Other Removing gut bacteria's potential 'safe house' (appendix) may lower risk of colorectal cancer subtype (May 2024, n=139,406) Appendectomy and Long-term Colorectal Cancer Incidence, Overall and by Tumor Fusobacterium nucleatum Status

Michael Harrop

Active member
Joined
Jul 6, 2023
Messages
466
Location
USA
https://medicalxpress.com/news/2024-05-gut-bacteria-potential-safe-house.html
https://journals.lww.com/annalsofsurgery/abstract/9900/appendectomy_and_long_term_colorectal_cancer.870.aspx

The appendix, once dismissed as an unnecessary human organ, has more recently been shown to play a role in the immune system. However, we lack a clear understanding of how its removal to treat appendicitis affects long-term human health.

Abstract​

Objective:​


To test hypotheses that appendectomy history might lower long-term colorectal cancer risk and that the risk reduction might be strong for tumors enriched with Fusobacterium nucleatum, bacterial species implicated in colorectal carcinogenesis.

Background:​


The absence of the appendix, an immune system organ and a possible reservoir of certain pathogenic microbes, may affect the intestinal microbiome, thereby altering long-term colorectal cancer risk.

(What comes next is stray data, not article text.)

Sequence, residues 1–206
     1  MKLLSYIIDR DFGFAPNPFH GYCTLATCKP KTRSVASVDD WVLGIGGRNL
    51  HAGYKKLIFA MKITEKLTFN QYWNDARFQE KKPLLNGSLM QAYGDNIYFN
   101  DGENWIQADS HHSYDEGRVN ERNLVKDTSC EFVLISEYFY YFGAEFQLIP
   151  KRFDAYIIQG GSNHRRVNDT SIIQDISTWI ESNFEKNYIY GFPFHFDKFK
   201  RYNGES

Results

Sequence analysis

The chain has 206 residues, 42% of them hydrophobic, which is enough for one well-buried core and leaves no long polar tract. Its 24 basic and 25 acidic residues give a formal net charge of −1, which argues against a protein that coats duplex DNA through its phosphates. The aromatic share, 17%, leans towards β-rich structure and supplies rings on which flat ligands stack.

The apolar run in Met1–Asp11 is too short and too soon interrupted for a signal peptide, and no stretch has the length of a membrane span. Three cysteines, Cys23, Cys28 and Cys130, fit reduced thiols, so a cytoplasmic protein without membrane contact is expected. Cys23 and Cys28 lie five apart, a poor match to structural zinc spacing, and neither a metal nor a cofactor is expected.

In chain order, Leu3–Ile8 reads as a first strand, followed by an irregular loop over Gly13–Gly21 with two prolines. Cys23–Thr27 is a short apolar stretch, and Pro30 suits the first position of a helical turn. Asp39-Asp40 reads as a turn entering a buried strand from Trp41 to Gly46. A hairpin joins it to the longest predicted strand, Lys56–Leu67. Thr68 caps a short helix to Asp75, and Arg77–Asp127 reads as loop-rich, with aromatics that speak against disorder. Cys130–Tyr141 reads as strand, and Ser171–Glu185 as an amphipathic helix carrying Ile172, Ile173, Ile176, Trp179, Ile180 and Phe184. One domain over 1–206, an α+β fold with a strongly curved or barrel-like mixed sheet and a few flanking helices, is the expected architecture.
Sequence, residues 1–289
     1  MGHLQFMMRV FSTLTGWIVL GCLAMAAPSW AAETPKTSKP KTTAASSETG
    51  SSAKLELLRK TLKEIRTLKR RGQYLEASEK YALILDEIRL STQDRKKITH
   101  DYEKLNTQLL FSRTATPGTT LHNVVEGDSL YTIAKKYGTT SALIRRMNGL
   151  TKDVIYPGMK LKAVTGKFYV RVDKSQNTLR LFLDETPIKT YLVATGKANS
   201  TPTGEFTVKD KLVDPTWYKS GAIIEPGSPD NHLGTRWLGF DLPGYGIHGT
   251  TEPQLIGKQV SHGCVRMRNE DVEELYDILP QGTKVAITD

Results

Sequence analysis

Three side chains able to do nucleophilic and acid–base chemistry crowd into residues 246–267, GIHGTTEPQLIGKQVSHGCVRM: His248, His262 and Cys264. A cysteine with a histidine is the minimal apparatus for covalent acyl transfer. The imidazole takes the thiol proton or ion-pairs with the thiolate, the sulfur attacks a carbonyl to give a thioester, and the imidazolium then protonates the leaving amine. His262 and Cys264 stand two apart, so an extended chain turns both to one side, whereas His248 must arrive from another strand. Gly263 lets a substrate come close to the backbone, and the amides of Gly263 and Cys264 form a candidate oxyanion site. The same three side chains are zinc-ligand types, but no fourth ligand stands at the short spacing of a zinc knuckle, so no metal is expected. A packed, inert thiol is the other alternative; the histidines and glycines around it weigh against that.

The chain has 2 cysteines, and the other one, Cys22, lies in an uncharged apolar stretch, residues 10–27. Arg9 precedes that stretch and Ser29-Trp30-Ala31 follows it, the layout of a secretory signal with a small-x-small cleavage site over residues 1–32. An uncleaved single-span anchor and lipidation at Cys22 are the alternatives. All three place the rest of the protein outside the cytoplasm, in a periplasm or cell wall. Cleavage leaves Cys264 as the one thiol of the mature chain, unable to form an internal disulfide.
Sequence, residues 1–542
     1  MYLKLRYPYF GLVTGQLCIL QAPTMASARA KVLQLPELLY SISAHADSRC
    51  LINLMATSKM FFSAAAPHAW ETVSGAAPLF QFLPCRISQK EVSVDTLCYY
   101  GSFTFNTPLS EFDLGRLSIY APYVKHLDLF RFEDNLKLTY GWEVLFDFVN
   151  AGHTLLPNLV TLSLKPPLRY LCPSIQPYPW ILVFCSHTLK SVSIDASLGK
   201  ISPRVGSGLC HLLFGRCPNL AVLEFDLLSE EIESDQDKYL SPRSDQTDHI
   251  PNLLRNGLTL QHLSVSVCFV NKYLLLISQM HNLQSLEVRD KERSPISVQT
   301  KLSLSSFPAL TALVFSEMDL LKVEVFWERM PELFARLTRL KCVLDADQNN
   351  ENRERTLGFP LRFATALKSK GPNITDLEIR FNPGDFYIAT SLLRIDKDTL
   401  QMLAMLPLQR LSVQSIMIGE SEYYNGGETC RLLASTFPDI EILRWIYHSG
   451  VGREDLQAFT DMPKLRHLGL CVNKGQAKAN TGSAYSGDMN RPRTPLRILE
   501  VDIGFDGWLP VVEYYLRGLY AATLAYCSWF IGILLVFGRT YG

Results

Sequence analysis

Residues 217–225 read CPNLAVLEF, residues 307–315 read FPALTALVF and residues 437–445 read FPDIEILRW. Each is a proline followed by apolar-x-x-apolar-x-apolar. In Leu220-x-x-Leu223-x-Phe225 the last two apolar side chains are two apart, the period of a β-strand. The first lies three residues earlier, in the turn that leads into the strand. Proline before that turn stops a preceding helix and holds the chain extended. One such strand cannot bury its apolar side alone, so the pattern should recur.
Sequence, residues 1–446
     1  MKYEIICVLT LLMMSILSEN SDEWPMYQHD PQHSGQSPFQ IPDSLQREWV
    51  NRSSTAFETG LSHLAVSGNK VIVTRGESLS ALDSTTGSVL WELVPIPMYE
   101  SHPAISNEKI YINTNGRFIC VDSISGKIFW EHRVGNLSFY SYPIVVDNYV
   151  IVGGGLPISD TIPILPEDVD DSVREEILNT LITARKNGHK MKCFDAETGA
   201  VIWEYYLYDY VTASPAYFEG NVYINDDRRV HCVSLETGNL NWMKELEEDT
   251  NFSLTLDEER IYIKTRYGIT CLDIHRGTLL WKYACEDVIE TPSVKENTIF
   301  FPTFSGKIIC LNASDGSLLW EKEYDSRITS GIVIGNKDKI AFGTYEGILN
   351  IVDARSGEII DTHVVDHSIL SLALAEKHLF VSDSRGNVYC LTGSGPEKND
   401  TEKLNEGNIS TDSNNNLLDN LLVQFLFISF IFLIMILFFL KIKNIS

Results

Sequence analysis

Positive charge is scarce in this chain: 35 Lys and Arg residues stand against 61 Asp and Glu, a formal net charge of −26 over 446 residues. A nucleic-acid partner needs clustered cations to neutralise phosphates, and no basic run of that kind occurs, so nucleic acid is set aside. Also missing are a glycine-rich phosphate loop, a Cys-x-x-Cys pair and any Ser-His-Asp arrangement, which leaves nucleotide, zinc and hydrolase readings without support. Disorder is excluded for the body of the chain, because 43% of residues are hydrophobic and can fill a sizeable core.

Methods:​


Utilizing databases of prospective cohort studies, namely the Nurses’ Health Study and the Health Professionals Follow-up Study, we examined the association of appendectomy history with colorectal cancer incidence overall and subclassified by the amount of tumor tissue Fusobacterium nucleatum (Fusobacterium animalis). We used an inverse probability weighted multivariable-adjusted duplication-method Cox proportional hazards regression model.

Results:​


During the follow-up of 139,406 participants (2,894,060 person-years), we documented 2811 incident colorectal cancer cases, of which 1065 cases provided tissue F. nucleatum analysis data. The multivariable-adjusted hazard ratio of appendectomy for overall colorectal cancer incidence was 0.92 (95% CI, 0.84−1.01). Appendectomy was associated with lower F. nucleatum-positive cancer incidence (multivariable-adjusted hazard ratio, 0.53; 95% CI, 0.33−0.85; P=0.0079), but not F. nucleatum-negative cancer incidence (multivariable-adjusted hazard ratio, 0.98; 95% CI, 0.83−1.14), suggesting a differential association by F. nucleatum status (Pheterogeneity=0.015). This differential association appeared to persist in various participant/patient strata including tumor location and microsatellite instability status.

Conclusions:​


Appendectomy likely lowers the future long-term incidence of F. nucleatum-positive (but not F. nucleatum-negative) colorectal cancer. Our findings do not support the existing hypothesis that appendectomy may increase colorectal cancer risk.
 
Format correct?
  1. Yes
Back
Top